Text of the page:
|Publication number||US4314418 A|
|Application number||US 06/119,556|
|Publication date||Feb 9, 1982|
|Filing date||Feb 7, 1980|
|Priority date||Feb 7, 1980|
|Publication number||06119556, 119556, US 4314418 A, US 4314418A, US-A-4314418, US4314418 A, US4314418A|
|Inventors||Robert L. Narens, Frank D. Billeck|
|Original Assignee||Narens Robert L, Billeck Frank D|
|Export Citation||BiBTeX, EndNote, RefMan|
|Patent Citations (6), Referenced by (4), Classifications (7)|
|External Links: USPTO, USPTO Assignment, Espacenet|
The present invention relates generally to information and message systems for use in offices and, in particular, to an integrally molded compact message control unit whereby information concerning messages and personnel location is provided in a coordinated, easily assimilated manner.
Office receptionists and switchboard operators have long had to deal with the difficulties presented by keeping track of other office personnel and their messages. Often there is no system by which messages are maintained for office personnel in a central location or by which the office staff is kept apprised of the whereabouts of their superiors or coworkers. Messages are likely to be left on the recipients's desk or the receptionist verbally informed regarding personnel location.
If a device is used for maintaining messages in a central location until picked up by the recipient, it is likely to be a system of frontwardly opening rectangular compartments or pigeonholes, typically mounted on a wall. While such devices do permit an improved measure of efficiency for the message taker, they are not without their disadvantages. The units are generally bulky and cumbersome and not sufficiently aesthetically pleasing to complement the decor of most office reception areas. More importantly, since the message receptacles are open at the front, the contents of the pigeonholes tend to fall out easily and become lost. Another drawback involves the absence of any provision for the integration of relevant personnel location information so that all important information concerning messages and personnel whereabouts is provided at a glance.
The prior art also includes devices used solely for the communication of information concerning the presence or absence of office personnel. This is typically accomplished by providing a wall mounted board including spaces for the names of office personnel and means for indicating the presence or absence of personnel, such as sliding indicator signals or magnetic markers like those disclosed in U.S. Pat. No. 2,951,703. These information boards increase dramatically in size as the number of people to be accounted for increases. In addition, the information communicated is limited to whether personnel are in the office or out and, if out, the expected time of return. The size and appearance of the aforementioned information boards make them awkward and cumbersome for office reception personnel to use efficiently. Moreover, these prior art personnel information boards provide no integral coordinated structure whereby message and personnel location information is quickly provided at a glance.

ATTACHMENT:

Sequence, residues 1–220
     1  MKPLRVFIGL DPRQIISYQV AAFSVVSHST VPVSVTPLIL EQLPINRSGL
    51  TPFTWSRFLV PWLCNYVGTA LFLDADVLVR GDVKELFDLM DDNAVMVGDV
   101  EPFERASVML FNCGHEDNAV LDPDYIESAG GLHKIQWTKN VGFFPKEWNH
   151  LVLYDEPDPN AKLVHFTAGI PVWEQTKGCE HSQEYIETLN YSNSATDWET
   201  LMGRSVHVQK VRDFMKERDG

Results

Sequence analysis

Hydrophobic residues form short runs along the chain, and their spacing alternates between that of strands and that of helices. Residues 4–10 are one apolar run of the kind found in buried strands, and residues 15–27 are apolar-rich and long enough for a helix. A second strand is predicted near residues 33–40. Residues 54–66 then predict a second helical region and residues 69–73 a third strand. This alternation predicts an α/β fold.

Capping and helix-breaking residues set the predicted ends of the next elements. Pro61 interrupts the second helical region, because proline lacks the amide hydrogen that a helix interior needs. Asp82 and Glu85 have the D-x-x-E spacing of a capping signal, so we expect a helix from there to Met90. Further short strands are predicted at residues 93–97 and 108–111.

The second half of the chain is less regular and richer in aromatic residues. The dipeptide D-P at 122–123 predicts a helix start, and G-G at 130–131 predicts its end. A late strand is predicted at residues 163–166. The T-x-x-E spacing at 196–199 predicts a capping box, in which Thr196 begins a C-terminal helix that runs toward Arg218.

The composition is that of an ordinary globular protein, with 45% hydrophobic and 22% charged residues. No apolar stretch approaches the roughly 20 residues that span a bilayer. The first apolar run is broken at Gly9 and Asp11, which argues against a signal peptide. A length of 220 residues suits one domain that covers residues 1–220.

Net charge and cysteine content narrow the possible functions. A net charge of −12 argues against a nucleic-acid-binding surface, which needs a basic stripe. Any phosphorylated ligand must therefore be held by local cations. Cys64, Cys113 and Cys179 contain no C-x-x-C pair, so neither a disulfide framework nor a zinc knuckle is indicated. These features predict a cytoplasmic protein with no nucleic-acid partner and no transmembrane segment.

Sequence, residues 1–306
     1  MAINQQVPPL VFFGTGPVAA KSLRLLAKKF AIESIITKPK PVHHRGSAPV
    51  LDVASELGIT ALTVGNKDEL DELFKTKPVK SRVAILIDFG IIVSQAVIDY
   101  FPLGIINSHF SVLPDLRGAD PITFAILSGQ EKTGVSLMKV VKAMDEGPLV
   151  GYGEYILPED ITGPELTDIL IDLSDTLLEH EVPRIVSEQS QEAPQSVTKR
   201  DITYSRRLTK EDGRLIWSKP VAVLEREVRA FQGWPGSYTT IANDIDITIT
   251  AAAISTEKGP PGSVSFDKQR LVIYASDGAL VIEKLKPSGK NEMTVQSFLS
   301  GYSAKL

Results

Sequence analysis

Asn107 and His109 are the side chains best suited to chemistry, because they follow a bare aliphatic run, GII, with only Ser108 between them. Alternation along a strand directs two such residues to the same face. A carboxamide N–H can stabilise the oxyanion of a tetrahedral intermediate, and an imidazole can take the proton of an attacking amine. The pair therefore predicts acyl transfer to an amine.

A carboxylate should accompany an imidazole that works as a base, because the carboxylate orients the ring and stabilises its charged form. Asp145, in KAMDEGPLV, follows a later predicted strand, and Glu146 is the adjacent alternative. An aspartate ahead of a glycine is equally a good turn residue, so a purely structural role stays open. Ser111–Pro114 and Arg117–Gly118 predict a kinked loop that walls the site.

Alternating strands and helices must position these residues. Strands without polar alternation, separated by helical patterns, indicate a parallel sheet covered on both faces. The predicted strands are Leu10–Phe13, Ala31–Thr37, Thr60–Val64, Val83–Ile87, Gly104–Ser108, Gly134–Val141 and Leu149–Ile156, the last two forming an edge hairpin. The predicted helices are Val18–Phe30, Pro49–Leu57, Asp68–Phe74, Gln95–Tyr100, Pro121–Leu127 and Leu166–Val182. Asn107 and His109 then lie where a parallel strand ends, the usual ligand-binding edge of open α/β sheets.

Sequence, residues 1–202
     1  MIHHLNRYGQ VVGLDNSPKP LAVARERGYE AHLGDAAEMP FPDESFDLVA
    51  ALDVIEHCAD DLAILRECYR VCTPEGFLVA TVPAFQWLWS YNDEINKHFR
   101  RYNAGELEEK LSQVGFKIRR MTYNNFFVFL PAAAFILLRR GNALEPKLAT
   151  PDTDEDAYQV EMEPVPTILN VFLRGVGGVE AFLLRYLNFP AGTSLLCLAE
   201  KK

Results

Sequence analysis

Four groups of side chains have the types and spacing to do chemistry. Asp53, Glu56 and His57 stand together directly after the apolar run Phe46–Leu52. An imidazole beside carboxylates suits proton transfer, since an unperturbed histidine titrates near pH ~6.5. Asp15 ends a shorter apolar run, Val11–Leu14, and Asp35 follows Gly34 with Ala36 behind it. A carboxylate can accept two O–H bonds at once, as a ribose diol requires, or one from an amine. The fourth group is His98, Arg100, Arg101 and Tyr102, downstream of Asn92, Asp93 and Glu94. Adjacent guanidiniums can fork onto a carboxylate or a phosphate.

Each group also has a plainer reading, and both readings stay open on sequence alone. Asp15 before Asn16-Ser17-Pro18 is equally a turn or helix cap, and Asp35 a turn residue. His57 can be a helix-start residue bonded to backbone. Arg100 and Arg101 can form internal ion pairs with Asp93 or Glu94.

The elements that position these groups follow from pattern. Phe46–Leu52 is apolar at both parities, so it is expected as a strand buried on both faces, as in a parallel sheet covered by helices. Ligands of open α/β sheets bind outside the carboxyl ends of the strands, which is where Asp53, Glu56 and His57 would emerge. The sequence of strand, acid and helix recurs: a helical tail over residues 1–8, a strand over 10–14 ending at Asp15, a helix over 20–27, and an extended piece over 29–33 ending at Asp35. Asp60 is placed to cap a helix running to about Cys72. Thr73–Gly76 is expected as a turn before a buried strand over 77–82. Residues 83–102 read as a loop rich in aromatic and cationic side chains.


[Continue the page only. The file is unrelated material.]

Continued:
One known prior art unit has combined a set of pigeonholes with a personnel location board fastened along the upper surface to produce a unit smaller than those referred to above. While this unit represents an improvement over what was previously available, nevertheless it suffers from a number of disadvantages. Although intended to be used as a desk top unit, it is larger and more cumbersome than desirable for such a unit. In addition, the sliding time indicators and the arrangement of names and indicators on the board are difficult to read accurately at a glance, and there is no provision for any coordination between the pigeonholes and the information board. Because the pigeonholes are open both at the front and in the back, papers are even more likely to be lost than with a wall mounted pigeonhole unit. Although a piece of slotted metal is provided at the top of the unit for urgent messages, there is no way in which the intended recipient of such messages may be readily identified at a glance by office personnel passing by the unit. If the receptionist was unavailable or could not remember who had received such messages, these personnel would be required to go through all the messages to ascertain if one was intended for them, thus assuring that such messages could never be confidential. The primary drawback of this unit, however, lies in its failure to coordinate and integrate the functions of its structural components so that important information concerning office personnel is readily available and easily assimilated upon rapid visual inspection.
It is an object of the present invention, therefore, to provide an integrally molded compact message control unit including numbered upwardly opening receptacles for retaining messages, a digital time and date unit and an integrally formed inclined front wall supporting a magnetic personnel information chart and magnetic markers for conveying information so that important information concerning the existence of messages and the location of office personnel is quickly assimilated upon visual inspection of the unit.